It’s 8:45 on a sun-splashed, spring-like Wednesday morning, a grand time to be doing anything outside. So, why are hundreds and hundreds of folks lined up outside Mississippi Coliseum, waiting to pay $12 to go inside?
Glad you asked. The state basketball tournament for public high schools is in the second week of its annual two-week run at what so many around Mississippi refer to as the Big House. The day’s first game matches two schools steeped in basketball tradition: Choctaw Central and New Site. This is a semifinal girls game with the winner advancing to Saturday’s Class 3A championship match.
And these are two groups of girls who grew up dribbling and shooting basketballs. The Mississippi Band of Choctaw Indians places enormous emphasis on the sport. Girls begin playing in recreation leagues in the eight reservation communities at age 4, shooting at baskets no taller than their coaches.
Says Bill Smith, their coach, “By the time they get to high school, they’ve played two or three hundred basketball games. So they know how to play.”
Yes, they do.
New Site? It’s up in hill country, 11 miles southeast of Booneville on Highway 4. It’s up there among Baldwyn, Wheeler, Jumpertown and the like where there’s a basketball goal in nearly every driveway or yard.
You must rise early in New Site to get to a 9 a.m. basketball game in the capital city. “I got up at 4:30,” says south Prentiss County Constable Harry Allen. “It’s every bit of 218 miles. It took me three hours, 41 minutes to get here.”
But Allen wouldn’t have missed it and neither would most of the other 400 or so residents of the New Site community, who don’t have their own post office any more, but they do still have basketball.
New Site boys teams have won five state championships, including the Grand Slam in 1969 when tiny New Site, coached by the late and legendary Gerald Caveness, knocked off Jackson Wingfield in the finals. One of this New Site team’s key players is senior Mamie Caveness. She is Gerald’s granddaughter, far too young to have known her coaching grandfather, who died of a heart attack in 1990. But she knows basketball. All the New Site girls do. They were raised on it.
And so they know they face a stern task on this morning against a Choctaw Central team that has a 29-3 record and plays the sport as if the basketball is just another appendage that they control just as they do their arms and legs, fingers and toes. Although Choctaws are not by nature tall people, Choctaw Central has more than its share of basketball tradition, too. The Lady Warriors have won five state championships and played in the championship game another three times, including last year when Booneville, another Hill Country team, beat them. Choctaw Central boys have played in three state championships, won two.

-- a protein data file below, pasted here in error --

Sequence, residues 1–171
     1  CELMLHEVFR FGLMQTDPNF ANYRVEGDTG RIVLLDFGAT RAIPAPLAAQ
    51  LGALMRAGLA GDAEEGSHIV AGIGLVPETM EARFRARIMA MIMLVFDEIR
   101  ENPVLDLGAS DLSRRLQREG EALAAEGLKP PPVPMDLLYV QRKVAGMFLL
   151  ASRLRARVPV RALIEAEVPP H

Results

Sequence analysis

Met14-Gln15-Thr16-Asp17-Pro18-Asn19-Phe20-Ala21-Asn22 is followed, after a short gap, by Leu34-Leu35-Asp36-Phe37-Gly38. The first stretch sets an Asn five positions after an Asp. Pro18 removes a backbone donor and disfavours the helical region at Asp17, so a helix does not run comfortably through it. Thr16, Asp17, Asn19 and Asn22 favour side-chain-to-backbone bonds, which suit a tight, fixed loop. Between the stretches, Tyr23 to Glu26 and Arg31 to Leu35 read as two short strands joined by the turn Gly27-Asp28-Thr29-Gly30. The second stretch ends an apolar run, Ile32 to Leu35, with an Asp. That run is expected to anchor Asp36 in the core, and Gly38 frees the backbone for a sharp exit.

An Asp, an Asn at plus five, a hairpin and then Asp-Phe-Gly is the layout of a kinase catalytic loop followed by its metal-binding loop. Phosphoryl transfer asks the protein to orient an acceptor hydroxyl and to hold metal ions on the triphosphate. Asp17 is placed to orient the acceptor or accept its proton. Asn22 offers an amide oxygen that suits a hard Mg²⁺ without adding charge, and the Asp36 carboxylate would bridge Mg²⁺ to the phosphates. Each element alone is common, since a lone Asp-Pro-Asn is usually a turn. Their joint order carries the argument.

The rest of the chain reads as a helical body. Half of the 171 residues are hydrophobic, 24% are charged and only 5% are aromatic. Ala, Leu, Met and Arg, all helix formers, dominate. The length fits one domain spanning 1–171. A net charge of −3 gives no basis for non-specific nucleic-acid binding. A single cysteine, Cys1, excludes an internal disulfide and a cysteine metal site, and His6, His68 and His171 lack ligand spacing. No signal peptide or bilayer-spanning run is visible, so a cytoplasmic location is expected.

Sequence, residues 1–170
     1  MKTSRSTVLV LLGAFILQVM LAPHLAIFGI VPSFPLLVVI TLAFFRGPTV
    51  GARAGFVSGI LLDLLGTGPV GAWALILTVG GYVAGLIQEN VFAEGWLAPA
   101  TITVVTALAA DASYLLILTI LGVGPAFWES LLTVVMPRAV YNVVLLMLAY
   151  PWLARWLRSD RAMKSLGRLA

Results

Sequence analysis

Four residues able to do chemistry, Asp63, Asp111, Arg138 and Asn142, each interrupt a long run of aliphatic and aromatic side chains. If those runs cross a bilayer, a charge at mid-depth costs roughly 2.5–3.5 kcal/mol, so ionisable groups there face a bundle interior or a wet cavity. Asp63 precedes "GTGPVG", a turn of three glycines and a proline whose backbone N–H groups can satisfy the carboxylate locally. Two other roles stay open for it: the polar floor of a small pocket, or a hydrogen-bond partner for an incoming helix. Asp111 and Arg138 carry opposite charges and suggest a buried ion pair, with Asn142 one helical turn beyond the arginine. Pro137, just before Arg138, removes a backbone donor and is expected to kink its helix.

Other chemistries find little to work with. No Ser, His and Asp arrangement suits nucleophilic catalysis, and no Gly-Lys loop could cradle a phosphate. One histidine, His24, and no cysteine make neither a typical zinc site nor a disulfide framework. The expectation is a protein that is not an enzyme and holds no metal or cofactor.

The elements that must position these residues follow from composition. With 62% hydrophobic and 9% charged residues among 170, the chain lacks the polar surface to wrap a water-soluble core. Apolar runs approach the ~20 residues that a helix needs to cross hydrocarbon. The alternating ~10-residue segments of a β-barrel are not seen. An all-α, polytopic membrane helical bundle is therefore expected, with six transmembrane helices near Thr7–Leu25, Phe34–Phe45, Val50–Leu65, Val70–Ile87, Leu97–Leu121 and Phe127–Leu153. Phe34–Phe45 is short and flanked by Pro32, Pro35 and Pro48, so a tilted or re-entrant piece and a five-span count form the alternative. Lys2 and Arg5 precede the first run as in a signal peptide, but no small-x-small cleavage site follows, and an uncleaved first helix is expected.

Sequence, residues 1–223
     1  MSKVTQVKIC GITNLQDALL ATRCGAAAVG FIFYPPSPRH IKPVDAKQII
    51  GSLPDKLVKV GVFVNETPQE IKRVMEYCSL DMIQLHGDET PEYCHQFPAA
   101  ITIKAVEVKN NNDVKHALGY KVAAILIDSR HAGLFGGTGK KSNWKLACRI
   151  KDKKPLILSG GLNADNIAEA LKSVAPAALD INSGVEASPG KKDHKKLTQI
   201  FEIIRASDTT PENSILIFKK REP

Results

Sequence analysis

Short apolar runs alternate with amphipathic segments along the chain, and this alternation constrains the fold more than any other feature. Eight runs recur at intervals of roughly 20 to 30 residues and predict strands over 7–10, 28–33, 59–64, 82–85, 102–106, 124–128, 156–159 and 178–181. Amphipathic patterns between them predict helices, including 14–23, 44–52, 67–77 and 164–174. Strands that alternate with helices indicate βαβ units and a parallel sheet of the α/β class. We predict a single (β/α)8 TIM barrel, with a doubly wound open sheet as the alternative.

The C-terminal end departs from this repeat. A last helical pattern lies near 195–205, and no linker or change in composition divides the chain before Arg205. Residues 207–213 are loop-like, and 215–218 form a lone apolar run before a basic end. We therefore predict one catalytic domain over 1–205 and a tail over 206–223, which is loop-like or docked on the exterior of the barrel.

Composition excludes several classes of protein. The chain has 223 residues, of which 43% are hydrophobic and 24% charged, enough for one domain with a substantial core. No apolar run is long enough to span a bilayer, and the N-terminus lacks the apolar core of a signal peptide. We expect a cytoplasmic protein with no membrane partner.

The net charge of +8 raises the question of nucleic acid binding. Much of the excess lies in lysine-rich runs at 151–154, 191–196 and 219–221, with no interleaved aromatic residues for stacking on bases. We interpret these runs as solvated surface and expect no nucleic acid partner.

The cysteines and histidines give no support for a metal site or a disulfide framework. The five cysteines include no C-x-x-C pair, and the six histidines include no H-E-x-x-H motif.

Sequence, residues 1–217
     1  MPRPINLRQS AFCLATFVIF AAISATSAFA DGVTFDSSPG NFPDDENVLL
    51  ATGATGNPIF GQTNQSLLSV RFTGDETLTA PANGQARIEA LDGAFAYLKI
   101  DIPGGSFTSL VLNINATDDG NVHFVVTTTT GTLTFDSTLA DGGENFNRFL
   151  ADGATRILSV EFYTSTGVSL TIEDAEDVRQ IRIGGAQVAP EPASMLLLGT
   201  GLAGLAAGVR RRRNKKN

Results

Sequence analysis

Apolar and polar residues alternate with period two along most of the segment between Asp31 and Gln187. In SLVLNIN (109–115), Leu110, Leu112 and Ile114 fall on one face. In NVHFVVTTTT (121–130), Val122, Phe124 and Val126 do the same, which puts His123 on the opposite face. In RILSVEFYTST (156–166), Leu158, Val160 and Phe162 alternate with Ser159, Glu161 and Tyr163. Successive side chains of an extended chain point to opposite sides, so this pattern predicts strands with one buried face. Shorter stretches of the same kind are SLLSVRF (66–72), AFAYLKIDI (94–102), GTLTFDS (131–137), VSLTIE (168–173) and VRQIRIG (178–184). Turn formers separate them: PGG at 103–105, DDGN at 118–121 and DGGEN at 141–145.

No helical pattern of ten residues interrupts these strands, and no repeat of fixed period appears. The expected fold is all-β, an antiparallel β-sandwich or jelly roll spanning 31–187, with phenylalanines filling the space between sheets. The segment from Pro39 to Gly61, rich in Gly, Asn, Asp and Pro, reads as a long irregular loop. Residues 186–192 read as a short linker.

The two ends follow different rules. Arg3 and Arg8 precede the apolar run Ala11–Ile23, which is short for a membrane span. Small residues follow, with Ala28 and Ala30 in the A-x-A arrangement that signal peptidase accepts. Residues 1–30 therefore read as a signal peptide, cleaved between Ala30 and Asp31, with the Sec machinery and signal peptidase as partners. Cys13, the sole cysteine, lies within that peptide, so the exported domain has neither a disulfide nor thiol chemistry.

But no Choctaw team has won a state title since 2005, and says, Lady Warrior point guard Darien Tubby, “That’s like forever for our school. It would be huge for us to bring the championship back home.”
This much is certain: It’s huge for the Mississippi High School Activities Association financially any time a Choctaw Central team makes it to the state tournament. The Choctaws follow them in droves and cheer them rabidly. Says Smith, the veteran coach in his fifth season at Choctaw Central, “Everybody likes to see us coming, especially the people who run the concession stands. Our fans will eat some popcorn.”
Perhaps, but most of the time they are cheering, and they have plenty to cheer this day.
The Lady Warriors press all over the floor, their goal being to speed the game and play at warp speed. The style accentuates their quickness, not to mention their ball-handling and shooting skills, which have become second nature.
Says Mamie Caveness, “They are really skilled, really good.”
Choctaw Central leads 11-8 after one quarter and stretches it to 30-18 at halftime. Darien Tubby leads the way with 13 points, six rebounds and four assists, including a couple of long, pin-point, baseball passes that lead to goals.
“I play softball, too,” she says, when asked about the long tosses.
Kaedre Denson, the tallest Choctaw player at 5-foot-11, adds 10 points, 11 rebounds and seven blocked shots. New Site has no answer for her size and strength inside. Every time New Site appears ready to make a run, a Choctaw Central player drains a high-arching 3-pointer that hits nothing but net. Smith clears his bench with just under two minutes to go and an 18-point lead. Choctaw Central goes on to win 55-40.
And so the Lady Warriors will play for that elusive sixth state championship Saturday at 1 p.m. Amanda Elzy, 29-1, which knocked off defending champion Booneville 64-63, will be the foe.
It will be a classic match of two athletic teams that love to get up and down the floor. Popcorn vendors, be forewarned. There will be a demand.
Rick Cleveland is Mississippi Today’s sports columnist. Read his previous columns and his Sports Daily blog. Reach Rick at email@example.com.
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